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Walcher, Jan; Hassfurth, Benjamin; Grothe, Benedikt ORCID: 0000-0001-7317-0615; Koch, Ursula (2011): Comparative posthearing development of inhibitory inputs to the lateral superior olive in gerbils and mice. In: Journal of Neurophysiology, Vol. 106, No. 3: pp. 1443-1453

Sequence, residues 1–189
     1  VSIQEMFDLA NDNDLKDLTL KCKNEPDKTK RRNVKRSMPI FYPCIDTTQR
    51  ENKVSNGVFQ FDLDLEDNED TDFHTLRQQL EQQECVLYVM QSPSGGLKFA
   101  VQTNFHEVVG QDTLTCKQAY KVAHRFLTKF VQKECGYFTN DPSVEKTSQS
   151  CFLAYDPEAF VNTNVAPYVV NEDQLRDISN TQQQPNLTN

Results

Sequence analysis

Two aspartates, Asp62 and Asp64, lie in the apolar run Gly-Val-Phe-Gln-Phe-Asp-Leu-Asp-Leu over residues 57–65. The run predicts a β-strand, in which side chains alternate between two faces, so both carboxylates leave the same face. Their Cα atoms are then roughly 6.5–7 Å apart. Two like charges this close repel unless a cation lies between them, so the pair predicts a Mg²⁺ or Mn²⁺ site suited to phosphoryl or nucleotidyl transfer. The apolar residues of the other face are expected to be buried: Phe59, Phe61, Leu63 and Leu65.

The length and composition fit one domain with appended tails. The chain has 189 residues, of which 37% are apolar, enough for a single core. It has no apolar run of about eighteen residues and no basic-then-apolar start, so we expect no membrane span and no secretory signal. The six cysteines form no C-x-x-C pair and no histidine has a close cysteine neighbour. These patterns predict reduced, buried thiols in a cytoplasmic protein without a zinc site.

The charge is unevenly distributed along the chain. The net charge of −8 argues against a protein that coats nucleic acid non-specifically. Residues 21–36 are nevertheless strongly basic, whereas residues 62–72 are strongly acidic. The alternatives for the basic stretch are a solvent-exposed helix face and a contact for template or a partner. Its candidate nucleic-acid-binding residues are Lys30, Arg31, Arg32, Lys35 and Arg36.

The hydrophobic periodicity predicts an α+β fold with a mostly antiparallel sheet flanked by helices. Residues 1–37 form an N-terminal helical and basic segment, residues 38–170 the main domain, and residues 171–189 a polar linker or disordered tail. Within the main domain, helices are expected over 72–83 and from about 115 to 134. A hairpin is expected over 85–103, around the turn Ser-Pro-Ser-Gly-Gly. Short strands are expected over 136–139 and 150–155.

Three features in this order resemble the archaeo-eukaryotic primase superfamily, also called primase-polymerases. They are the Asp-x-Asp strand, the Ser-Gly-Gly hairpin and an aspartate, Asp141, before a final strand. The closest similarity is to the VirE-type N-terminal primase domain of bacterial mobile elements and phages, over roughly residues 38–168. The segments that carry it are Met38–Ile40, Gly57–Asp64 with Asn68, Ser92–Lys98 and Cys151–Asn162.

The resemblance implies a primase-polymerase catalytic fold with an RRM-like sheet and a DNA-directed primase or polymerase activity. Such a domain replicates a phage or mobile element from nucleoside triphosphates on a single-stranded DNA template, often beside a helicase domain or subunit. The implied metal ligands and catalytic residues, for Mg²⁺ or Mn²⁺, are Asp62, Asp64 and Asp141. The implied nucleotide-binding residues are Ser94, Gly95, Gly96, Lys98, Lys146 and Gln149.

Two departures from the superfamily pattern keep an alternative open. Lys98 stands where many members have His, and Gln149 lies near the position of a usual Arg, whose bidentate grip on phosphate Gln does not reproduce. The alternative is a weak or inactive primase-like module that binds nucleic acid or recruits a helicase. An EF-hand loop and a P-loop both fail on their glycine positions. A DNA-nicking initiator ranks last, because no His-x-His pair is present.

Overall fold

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Walcher J, Hassfurth B, Grothe B, Koch U. Comparative post-hearing development of inhibitory inputs to the lateral superior olive in gerbils and mice. J Neurophysiol 106: 1443-1453, 2011. First published June 22, 2011;doi: 10.1152/jn.01087.2010.-Interaural intensity differences are analyzed in neurons of the lateral superior olive (LSO) by integration of an inhibitory input from the medial nucleus of the trapezoid body (MNTB), activated by sound from the contralateral ear, with an excitatory input from the ipsilateral cochlear nucleus. The early postnatal refinement of this inhibitory MNTB-LSO projection along the tonotopic axis of the LSO has been extensively studied. However, little is known to what extent physiological changes at these inputs also occur after the onset of sound-evoked activity. Using whole-cell patch-clamp recordings of LSO neurons in acute brain stem slices, we analyzed the developmental changes of inhibitory synaptic currents evoked by MNTB fiber stimulation occurring after hearing onset. We compared these results in gerbils and mice, two species frequently used in auditory research. Our data show that neither the number of presumed input fibers nor the conductance of single fibers significantly changed after hearing onset. Also the amplitude of miniature inhibitory currents remained constant during this developmental period. In contrast, the kinetics of inhibitory synaptic currents greatly accelerated after hearing onset. We conclude that tonotopic refinement of inhibitory projections to the LSO is largely completed before the onset of hearing, whereas acceleration of synaptic kinetics occurs to a large part after hearing onset and might thus be dependent on proper auditory experience. Surprisingly, inhibitory input characteristics, as well as basic membrane properties of LSO neurons, were rather similar in gerbils and mice.